And here is the context. Feel free to pore over it. However, I won't be attacked by people who think that this is a way to cower me into silence about what has actually gone on. There is no reason to personally attack (or insult) another member of Pinkbike, especially not one who is working really fucking hard to make a living and race, as well as cover other women's race entries, with only a couple of jobs. Don't talk down to that person about 'racing locally', giving up and 'coming home' or tell that member that you doubt their ability to succeed, but that you can really see them on the cover of Deer Valley's brochure in the future. C'mon now. Would you honestly say these things to another dude giving his best?


If you're interested in miring yourself with the negativity that was that conversation, the full comment section is here:

And I'm posting this on this post in the hopes that whoever wants to accuse me of this can read it, understand it and then get past what yes, I wish I hadn't ever said, because it wasn't kind. It wasn't compassionate. And it wasn't appropriate for an athlete to say to someone who is confined to a wheelchair. The fact that it's fairly true doesn't make it any less awful or me less of an asshole. But. Like I said: if the tables were turned, would I expect someone to treat me differently when verbally abusing someone online? No. No, I wouldn't. And you know what? They don't. People don't pull punches when dealing with me, and I prefer it that way. 

But back to the issue at hand: my experience and the so-called 'lack of communication' and 'disappearing' when editors reached out to me. 

While you're scrolling through the following, I'd like you to ponder one thing: if the 'jokes' from Mike Levy had been of the racial/religious/sexual orientation kind, would I have been crucified for standing up then? Better yet, would the review have gone to press in the first place if it joked about racially charged violence or other protected class-inspired hatred? Just think about it.

Meanwhile, please keep your hands and arms inside the vehicle at all times. Enjoy the ride! 

Claim 1: That my column-specific pieces saw no difference in publishing rates after I made my 'rape culture' comment. 


Screenshot 1 is of articles posted to my column before my comment. 
Screenshot 2 is just after the comment. 
Screenshot 3 is a continuation of 2, and the number of rejections I received post-rape culture comment.

Now, there is always the little instance of coincidence. Fine. Sure. It is what it is. But this? The column post approval rate before and after alone seemed pretty damning when I took a step back, but coupled with the phone call I had with the publisher shortly following the comments, it's a little too convenient. Also considering that multiple phone calls took place throughout the fall, and one in January with my editor, and then another one in late January, again with my publisher Julian, who spoke of 'changing attitudes' and 'surprising the audience'.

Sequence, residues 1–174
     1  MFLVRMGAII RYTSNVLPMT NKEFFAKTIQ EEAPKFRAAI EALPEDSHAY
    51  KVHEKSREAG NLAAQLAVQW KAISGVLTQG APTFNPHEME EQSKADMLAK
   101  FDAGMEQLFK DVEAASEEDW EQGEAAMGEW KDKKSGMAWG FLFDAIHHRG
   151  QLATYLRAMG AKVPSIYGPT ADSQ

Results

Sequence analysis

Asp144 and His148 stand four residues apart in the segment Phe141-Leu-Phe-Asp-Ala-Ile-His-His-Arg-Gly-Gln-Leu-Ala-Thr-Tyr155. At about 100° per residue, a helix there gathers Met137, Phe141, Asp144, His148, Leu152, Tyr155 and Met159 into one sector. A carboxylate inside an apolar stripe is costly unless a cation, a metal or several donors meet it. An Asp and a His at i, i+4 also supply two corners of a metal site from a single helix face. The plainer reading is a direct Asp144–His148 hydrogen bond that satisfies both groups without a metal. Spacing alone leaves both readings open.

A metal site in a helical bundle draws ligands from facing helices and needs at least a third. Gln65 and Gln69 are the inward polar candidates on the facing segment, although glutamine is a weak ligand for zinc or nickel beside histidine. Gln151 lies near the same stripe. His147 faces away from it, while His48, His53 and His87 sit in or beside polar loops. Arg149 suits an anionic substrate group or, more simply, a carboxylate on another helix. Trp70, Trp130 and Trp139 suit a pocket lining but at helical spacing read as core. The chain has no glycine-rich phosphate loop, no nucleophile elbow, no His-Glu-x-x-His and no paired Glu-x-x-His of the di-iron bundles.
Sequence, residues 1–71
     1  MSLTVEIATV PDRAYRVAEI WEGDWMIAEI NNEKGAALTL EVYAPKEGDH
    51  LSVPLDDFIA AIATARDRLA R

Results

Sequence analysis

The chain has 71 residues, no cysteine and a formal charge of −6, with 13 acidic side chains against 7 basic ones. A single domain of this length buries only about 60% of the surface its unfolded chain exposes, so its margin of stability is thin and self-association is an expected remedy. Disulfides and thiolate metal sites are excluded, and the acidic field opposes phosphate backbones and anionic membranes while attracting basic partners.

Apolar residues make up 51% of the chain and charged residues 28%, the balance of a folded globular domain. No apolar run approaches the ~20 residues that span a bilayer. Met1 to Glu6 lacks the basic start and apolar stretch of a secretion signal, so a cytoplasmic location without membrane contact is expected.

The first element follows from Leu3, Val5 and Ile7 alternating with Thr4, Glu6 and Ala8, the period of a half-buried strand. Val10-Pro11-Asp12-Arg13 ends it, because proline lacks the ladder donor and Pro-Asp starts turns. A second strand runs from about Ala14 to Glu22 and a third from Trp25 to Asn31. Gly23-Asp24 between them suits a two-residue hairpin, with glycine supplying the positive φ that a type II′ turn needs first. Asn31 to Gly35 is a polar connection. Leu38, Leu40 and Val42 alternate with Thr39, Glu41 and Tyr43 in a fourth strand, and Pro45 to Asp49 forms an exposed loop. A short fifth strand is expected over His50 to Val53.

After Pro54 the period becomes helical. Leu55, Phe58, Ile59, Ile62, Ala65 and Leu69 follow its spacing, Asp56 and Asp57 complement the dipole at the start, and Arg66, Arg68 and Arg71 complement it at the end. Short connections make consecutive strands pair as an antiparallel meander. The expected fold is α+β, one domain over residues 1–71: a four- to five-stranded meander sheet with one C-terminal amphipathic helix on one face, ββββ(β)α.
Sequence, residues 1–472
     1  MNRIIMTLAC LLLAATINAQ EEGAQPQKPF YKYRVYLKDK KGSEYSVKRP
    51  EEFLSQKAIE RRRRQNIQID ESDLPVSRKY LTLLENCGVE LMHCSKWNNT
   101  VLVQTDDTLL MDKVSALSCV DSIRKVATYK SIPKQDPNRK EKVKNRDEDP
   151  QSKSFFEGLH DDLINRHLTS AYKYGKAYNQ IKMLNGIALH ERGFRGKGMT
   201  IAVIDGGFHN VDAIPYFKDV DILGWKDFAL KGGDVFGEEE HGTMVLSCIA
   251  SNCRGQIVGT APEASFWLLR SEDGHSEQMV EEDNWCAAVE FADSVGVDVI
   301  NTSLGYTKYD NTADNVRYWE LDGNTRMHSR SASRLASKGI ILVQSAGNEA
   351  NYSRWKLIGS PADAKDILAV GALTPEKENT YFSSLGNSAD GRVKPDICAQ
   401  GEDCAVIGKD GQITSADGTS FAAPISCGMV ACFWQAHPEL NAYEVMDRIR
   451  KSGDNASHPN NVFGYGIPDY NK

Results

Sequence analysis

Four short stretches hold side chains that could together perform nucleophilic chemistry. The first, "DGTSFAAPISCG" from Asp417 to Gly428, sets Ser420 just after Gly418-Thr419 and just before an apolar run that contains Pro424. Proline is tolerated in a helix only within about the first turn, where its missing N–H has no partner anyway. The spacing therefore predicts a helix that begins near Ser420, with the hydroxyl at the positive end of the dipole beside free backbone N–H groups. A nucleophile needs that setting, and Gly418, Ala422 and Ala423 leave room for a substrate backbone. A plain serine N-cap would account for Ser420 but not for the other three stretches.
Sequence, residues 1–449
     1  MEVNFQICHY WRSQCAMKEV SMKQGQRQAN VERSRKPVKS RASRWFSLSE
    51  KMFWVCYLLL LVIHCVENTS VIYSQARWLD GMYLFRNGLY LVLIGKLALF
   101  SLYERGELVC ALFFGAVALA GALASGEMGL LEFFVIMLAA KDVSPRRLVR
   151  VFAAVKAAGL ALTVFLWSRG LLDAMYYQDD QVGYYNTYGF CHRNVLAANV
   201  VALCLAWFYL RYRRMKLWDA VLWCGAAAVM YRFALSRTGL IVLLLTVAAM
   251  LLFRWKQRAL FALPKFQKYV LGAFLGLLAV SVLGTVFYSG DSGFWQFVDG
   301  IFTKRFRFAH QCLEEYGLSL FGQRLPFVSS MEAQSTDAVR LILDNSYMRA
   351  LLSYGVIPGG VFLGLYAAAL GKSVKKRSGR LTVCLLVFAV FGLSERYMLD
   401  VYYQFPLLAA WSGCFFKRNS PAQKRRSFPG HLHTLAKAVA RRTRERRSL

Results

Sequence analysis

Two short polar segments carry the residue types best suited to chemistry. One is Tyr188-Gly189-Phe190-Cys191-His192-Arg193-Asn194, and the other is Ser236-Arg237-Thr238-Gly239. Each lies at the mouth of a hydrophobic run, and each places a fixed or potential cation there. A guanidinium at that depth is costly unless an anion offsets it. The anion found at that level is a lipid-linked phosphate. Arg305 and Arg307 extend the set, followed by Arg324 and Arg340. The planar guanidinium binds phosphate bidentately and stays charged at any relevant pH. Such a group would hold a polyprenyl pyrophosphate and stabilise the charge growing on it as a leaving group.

This one exhausts me, mostly because it boils down to classic 'he said/ she said' and really, this entire process bothers me.

So. Claim 2: Lack Of Communication and that even after my column content stopped being approved, never once (as written in the comments of my other blog by Pinkbike CEO Karl Burkat) did I approach my editor Tyler or the publisher Julian about my column pieces being added. Whoops. Read on and enjoy. Also: feel free to contact them at these addresses. And me at mine. Please. 

I spoke with my publisher and editor through the summer and into the winter as I recovered from broken hands in August and a traumatic brain injury in September... 

And into the winter, especially after the Kohut comment, which earned me another talking-to. Because I'm the only jackass in the entire comments section. Great. Like I said, I am not without blame. But neither is Pinkbike.

All the while, still not being published in a column that supposedly exists 'to address issues within the bike industry with an open and honest edge' (as said by my publisher 5 days ago when we spoke on the phone).

And still... Nothing.

Continued candor, openness and self-criticism, and yet... Editors rejected the article I had worked on and then waited another month before addressing another column (and then used this candor to talk to a media outlet about during this entire debacle. Awesome).

Clearly, there was not a lack of communication between myself and my editor, publisher and even other members of the editorial board. This is a small sampling of written correspondence over the past 12 months, and that clearly excludes the lengthy phone calls alluded to and shown above. My willingness to take criticism and suggestion and my eagerness to help almost makes me want to vomit at this point as I read through emails. Seriously.